Journalist and author Ward (River Run Red) offers something new in the oft-plowed field of Civil War studies-namely, a book that gives blacks who lived through and remembered the experience their own voice. Ward draws heavily but astutely on the roughly 2000 ex-slave interviews conducted by the WPA in the 1930s but also uses ex-slave autobiographies, oral histories conducted by black colleges and others, and wartime letters and personal accounts by blacks-all to follow the slaves and then freedpeople as they variously protected or sabotaged their master's property, ran away to freedom or stayed on to work what they thought were their own fields, sought to repair families rent by sale in bondage and by the upheavals of war, served with their masters in war, and observed the old South going with the wind. The sometimes contradictory responses of slaves and ex-slaves to the meaning of slavery, the war, and freedom will surprise readers expecting a one-note chorus of complaint and anger. The slaves' war was a tangle of expectations, actions, and obligations as they sorted through how best to survive and be true to themselves. If Ward sometimes overstates the uniqueness of his own work, he never underestimates or exaggerates the collected wisdom of those slaves who knew the war in ways that turn its history and memory inside out and upside down. Highly recommended. [See Prepub Alert, LJ2/15/08.]
—Randall M. Miller

Kirkus Reviews
A Civil War history created out of slaves' narratives. Veteran historian Ward (River Run Red: The Fort Pillow Massacre in the American Civil War, 2005, etc.) takes his material from memoirs, letters, diaries and interviews with former slaves, created during and after the war. They provide a rarely seen perspective on one of the key events in African-American history. Ward notes in a preface the heterogeneous nature of his sources. Some are bare-bones accounts, others wildly embellished, still others eloquent and moving. Some narrators claim to have seen Lincoln traveling the South in disguise before the war began. On the other hand, we get such eyewitness accounts as Jim Parke, Robert E. Lee's 18-year-old servant, recalling his master's agony over whether to resign his U.S. Army commission and fight for Virginia. The author generally pays more attention to the narratives of civilian slaves than to the better-documented accounts of men who took up arms. As the war began, many slaves were at first elated, thinking they would soon be freed; cold reality sank in with early Confederate battlefield successes. The slaves' grapevine revealed the extent of their masters' lies by bringing news of such important events as the Emancipation Proclamation. Some jubilant slaves mobbed the Union troops that came their way, certain they were now free. Others, Ward notes, were afraid to assert their freedom too quickly. Some were still being sold in the late days of the war. Freedom, when it came, did little to ease the lot of those still in the Deep South. The author shows the course of the entire war, giving equal weight to the neglected Western front. Except for standardizing the more blatant renditionsof slave dialect, he quotes these accounts essentially as they were written down. A fresh angle and a wealth of material that will be unfamiliar even to avid buffs. Agent: Ellen Levine/Trident Media Group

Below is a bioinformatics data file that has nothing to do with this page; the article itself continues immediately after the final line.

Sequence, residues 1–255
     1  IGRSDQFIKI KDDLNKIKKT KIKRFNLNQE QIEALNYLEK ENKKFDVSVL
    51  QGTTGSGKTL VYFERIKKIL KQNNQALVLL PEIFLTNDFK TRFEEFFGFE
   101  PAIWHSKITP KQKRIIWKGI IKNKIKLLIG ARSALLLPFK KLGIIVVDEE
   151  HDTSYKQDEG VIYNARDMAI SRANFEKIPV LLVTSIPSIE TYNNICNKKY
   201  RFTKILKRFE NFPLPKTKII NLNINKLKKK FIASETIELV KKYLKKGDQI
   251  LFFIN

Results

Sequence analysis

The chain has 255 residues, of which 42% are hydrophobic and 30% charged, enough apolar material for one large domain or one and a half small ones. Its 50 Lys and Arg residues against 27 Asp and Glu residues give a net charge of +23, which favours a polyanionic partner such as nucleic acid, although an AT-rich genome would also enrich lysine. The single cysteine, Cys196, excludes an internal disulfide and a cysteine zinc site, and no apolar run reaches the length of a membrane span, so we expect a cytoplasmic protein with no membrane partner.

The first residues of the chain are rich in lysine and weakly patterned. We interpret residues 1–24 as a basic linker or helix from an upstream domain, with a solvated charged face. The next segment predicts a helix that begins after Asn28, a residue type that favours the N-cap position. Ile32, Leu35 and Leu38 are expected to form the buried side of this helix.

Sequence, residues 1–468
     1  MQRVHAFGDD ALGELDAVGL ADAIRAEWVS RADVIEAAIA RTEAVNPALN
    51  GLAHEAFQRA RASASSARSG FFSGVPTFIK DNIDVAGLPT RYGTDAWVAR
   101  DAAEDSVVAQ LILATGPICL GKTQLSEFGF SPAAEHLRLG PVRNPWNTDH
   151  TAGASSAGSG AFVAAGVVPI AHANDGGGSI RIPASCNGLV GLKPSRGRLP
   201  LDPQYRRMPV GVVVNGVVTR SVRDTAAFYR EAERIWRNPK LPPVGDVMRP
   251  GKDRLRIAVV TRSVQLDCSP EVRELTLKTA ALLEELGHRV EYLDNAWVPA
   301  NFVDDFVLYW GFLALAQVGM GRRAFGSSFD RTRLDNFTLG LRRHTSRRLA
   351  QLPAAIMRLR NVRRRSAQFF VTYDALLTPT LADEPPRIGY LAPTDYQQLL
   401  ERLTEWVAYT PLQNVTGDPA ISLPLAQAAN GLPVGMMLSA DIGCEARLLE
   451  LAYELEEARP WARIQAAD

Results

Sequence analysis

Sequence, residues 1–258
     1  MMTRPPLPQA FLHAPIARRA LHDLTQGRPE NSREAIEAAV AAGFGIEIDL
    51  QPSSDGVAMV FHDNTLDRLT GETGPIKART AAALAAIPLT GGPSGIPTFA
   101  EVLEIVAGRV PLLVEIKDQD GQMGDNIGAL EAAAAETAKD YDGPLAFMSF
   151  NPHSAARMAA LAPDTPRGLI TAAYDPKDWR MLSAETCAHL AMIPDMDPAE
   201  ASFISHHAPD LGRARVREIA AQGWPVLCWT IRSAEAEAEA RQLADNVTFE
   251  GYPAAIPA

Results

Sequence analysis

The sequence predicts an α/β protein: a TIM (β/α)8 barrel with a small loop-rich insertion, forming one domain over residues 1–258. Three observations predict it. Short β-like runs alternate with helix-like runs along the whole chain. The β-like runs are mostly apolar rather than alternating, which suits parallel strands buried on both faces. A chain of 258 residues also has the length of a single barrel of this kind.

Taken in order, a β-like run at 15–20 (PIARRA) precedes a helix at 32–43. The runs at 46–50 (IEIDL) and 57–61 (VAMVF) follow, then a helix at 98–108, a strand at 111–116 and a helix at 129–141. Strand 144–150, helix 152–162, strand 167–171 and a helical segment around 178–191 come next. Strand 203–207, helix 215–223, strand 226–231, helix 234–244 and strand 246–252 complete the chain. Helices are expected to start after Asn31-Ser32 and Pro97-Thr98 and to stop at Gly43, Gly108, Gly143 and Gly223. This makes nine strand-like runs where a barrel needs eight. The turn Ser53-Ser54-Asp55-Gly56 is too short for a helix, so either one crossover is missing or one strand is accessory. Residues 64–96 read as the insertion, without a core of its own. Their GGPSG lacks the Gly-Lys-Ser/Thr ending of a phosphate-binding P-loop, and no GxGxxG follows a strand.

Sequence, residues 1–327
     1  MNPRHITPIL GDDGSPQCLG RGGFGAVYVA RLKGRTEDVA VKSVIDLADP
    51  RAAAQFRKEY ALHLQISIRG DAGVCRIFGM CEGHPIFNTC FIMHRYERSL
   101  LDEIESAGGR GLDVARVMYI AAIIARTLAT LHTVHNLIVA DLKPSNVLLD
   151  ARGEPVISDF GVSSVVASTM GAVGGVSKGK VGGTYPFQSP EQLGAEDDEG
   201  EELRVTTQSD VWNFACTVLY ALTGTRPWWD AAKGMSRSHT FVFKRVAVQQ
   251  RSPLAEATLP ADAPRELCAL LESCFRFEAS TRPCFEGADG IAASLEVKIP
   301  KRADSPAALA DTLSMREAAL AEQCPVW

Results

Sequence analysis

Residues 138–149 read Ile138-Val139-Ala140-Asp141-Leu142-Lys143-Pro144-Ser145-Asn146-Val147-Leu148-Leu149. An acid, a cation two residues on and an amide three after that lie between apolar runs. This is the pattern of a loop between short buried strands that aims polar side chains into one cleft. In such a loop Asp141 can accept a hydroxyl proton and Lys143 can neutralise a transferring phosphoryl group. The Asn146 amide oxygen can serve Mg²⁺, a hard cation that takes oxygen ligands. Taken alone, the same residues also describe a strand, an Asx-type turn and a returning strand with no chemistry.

Product Details

ISBN-13:
9781400156146
Publisher:
Tantor Media, Inc.
Publication date:
07/01/2008
Edition description:
MP3 - Unabridged CD
Product dimensions:
5.40(w) x 7.50(h) x 0.60(d)

What People are saying about this

From the Publisher
“A riveting book about the most important event in our history, from the perspective of those most affected by its outcome.... An antidote to all the mythologizing that has over the years smothered this moral tale.” —-Ken Burns

Meet the Author

Richard Allen is a five-time Audie-nominated narrator whose work has been acknowledged on the Best Audiobooks Lists for Audiofile and Library Journal.